State Attorney General Tom Corbett, the front-runner for the Republican nomination for governor, was probably the most whispered-about pol during the Pennsylvania Society weekend in New York City. He has a grand jury investigating corruption charges against various state lawmakers in the so-called Bonusgate affair, which is about using taxpayer money for political purposes.
"It was interesting to see Tom Corbett in the same with rooms with people he's reportedly investigating," freshman State Rep. Brendan Boyle (D., Phila.) said. "It's not your normal cocktail-party conversation, that's for sure."
Corbett's office has charged 22 people in two rounds of Bonusgate indictments this year and last, including Philadelphia Republican State Rep. John Perzel and former Democratic House Minority Whip Mike Veon. Much of the conversation over the weekend centered on former Beaver County Democratic State Rep. Sean Ramiele, who was acquitted of six felonies last week in a Bonusgate trial related to Veon, and how his case could influence not just the other cases, but Corbett's chances.
No fights broke out, and there was one unconfirmed report that State Rep. Bill DeWeese (D., Greene), who has been asked to testify before the grand jury but who has not been charged, shook hands with his tormentor at a reception.
Many regular attendees said it seemed there were fewer lawmakers than usual this year. Perhaps they were afraid of being subpoenaed for taking a napoleon from an energy lobbyist. - Thomas Fitzgerald
The scandals in Harrisburg that have deprived the Pennsylvania Society of its former political lions, including imprisoned former Democratic State Sen. Vincent J. Fumo as well as Perzel and Veon, have also helped to cripple leadership in the General Assembly.
State officials at the gala were only too aware that they were guzzling appletinis and Manhattans having left Harrisburg without a resolution on the expansion of gambling with table games, leaving a $250 million hole in the state budget. Democratic House leaders called off a vote on the bill Thursday because they couldn't muster enough votes - or members - to carry it. All this while Gov. Rendell says he can't release $730 million in funding for universities, museums, and hospitals.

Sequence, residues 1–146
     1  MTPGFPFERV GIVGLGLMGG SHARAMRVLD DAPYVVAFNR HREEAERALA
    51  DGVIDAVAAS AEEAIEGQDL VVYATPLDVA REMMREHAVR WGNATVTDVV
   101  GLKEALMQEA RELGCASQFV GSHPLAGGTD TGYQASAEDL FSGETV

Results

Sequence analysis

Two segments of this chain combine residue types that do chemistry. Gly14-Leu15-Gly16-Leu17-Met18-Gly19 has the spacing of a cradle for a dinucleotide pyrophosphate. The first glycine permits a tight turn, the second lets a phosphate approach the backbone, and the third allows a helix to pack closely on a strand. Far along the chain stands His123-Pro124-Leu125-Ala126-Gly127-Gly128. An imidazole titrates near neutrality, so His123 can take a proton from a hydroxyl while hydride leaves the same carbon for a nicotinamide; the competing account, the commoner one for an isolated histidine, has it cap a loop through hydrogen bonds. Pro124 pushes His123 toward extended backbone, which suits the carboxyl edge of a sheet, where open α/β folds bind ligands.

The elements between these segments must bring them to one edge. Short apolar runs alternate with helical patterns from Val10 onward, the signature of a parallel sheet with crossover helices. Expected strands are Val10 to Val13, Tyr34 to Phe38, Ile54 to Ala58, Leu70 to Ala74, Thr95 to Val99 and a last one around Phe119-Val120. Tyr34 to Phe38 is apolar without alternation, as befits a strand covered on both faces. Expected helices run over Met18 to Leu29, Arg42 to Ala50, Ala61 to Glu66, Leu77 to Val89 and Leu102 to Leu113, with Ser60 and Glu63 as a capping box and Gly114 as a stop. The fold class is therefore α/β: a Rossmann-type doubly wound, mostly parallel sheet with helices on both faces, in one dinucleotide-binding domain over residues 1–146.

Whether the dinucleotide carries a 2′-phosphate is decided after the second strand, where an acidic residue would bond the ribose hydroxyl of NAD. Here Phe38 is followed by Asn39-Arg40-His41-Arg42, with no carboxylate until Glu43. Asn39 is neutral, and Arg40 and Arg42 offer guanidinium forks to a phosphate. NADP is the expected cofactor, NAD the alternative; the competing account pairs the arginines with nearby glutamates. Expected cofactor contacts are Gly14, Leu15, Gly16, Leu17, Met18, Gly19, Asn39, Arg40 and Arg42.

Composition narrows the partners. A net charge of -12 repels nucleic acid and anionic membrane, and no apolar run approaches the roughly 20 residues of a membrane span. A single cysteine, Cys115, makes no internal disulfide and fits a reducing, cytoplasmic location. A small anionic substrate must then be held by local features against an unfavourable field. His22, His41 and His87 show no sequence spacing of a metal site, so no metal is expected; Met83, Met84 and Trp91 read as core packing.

"We're imploding," one Democratic state House member lamented. "We couldn't even get our guys to come in on Thursday."
Though Philadelphia's ranking House Democrat, State Rep. Dwight Evans, said he was optimistic that a deal would get done, Rendell was exasperated, attributing the delay to pure "inertia."
"There's no sense of urgency to do anything over there," the governor said on Friday. - Jeff Shields
The General Assembly might work better if there were more women in it, according to one group. It was not on the unofficial schedule of parties toted around by many of the Pennsylvania Society participants, but given the influential women behind the nascent Genevieve Society, their $500-a-head inaugural cocktail reception Friday was a must-attend.
U.S. Court of Appeals Judge Marjorie O. Rendell was there with her husband, the governor, as was Mayor Nutter, for the new organization formed "with the goal of ensuring that women's voices are heard throughout the commonwealth in the halls of government, in the polling place, and in corporate board rooms," as the invitation proclaimed.
The founding members include lawyers and public-relations leaders, "highly accomplished professionals who recognize that we need to be more focused and organized in getting women elected to public office," former state Treasurer Robin Wiseman said. The event was organized by locals including Abbe Feldman, Denise Smaller, Eleanor Dezi, and Mary-Rita D'Alessandro. They named their organization after Genevieve Blatt, the first woman elected to statewide office.
Wiseman said the Genevieve Society would emphasize not "women's issues," but matters of particular importance to women.
"We need to make sure we have a civil discourse," Wiseman said.